December 12, 2010
University of Phoenix
A nursing assessment of a family is the basis of nursing interventions. Stanhope and Lancaster (2008) state, “By using a systematic process, family problem areas are identified and family strengths are emphasized as the building blocks for interventions and to facilitate family resiliency (p. 567). The following paragraphs will describe a family that has become more typical in this day and age. The family consists of a mother, a father, a five year old daughter, and a three year old son. The family that was chosen was interviewed as a family, but also individually.
This family consists of BAD, MLD, their daughter CED, and son LRD. The family lives in a four bedroom brick house with their large sized dog, with two entrances, four steps to enter the front of their home, and a back door that you have to go thru a fence to get to. Their home is in a quiet neighbor hood with an elementary school a quarter of a mile down the road they live off of. Their daughter, CED, goes to this elementary school and is in the first grade. The family’s neighbors are all young couples who the neighbors across the street have two children ages 8 and 10. Their mortgage is $1,100/month. They have city water and sewage. The heat is gas heat and they have a central air conditioning. Their house is kept clean and well maintained since BAD is unemployed at this time. Their young son LRD, who is three also stays home with BAD during the day because the family cannot afford daycare at this time. When you walk in the front entrance it is a split level home. You can either go up four steps to the main level or go down four steps to the lower level. On the first level when you go up the stairs to the right is a living room which is hardwood floors and consists of a couch, love seat, and an oversized chair. There is no television in this room. Connected to the living room is their dining room which is also hardwood floors, and has a table that seats eight, and a tall cabinet that has dry foods and canned foods. Connected to the dining room is the kitchen. The kitchen has a small table and four chairs, a refrigerator, a dishwasher, and lots of counter, and cabinet space. Out of the kitchen is the main hallway which is carpeted and leads to a full size bathroom and two bedrooms. The bathroom is decorated in monkeys which is the children’s bathroom. The bedroom on the left is the bedroom of CED, the 5 year old daughter, and the bedroom on the right is the bedroom of LRD, the 3 year old son. Back down the stairs is the lower level. When you first go downstairs you see and big open family room that has a couch and two lazy boy recliners. The downstairs is all carpeted. To the immediate right is a second full bathroom and next to that is the master bedroom. Opposite the master bedroom is the fourth bedroom which was converted to a toy room for the children. The downstairs is where the family spends most of their time. There is a big screen television and their is a game station connected to the television. BAD has taken the time to child proof their home using child safety locks on all cabinets, and electrical outlet covers. The children have a lot of toys, and it seems they do not have a lot of storage, yet their home is kept very tidy.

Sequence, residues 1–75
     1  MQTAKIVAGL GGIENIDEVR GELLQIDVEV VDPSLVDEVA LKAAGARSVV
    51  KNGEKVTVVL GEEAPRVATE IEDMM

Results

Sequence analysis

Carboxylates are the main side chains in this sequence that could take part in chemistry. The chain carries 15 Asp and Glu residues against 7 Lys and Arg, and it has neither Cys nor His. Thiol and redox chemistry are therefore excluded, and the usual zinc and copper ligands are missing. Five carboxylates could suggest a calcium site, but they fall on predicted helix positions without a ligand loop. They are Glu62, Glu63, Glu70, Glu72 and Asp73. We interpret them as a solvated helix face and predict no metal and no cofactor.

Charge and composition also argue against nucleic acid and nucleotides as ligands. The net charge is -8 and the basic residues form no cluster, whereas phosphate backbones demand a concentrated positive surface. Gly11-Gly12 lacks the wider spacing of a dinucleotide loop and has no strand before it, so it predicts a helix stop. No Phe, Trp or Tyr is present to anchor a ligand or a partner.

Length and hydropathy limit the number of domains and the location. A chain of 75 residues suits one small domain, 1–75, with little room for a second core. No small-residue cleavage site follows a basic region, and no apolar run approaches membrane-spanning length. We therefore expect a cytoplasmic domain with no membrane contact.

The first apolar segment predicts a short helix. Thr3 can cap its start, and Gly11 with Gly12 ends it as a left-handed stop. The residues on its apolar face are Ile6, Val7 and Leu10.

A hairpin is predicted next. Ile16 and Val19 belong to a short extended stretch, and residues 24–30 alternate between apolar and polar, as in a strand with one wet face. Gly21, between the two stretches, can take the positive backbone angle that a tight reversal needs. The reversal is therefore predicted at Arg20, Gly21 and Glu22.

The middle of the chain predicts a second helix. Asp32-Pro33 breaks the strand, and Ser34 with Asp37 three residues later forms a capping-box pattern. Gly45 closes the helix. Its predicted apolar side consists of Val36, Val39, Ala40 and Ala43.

The family does not interact much with their neighbors or community. BAD’s family lives in another state, and MLD’s family lives in another town about an hour away. MLD has a car that he drives to and from work, and BAD uses a van to take CED to school, and to run errands. MLD smokes cigarettes, but he steps outside when doing so to protect the children especially CED since she has asthma. He also does not smoke when in the car.
The family is not limited in food choices, they just do not seem to choose balanced meals when eating. The only income that they...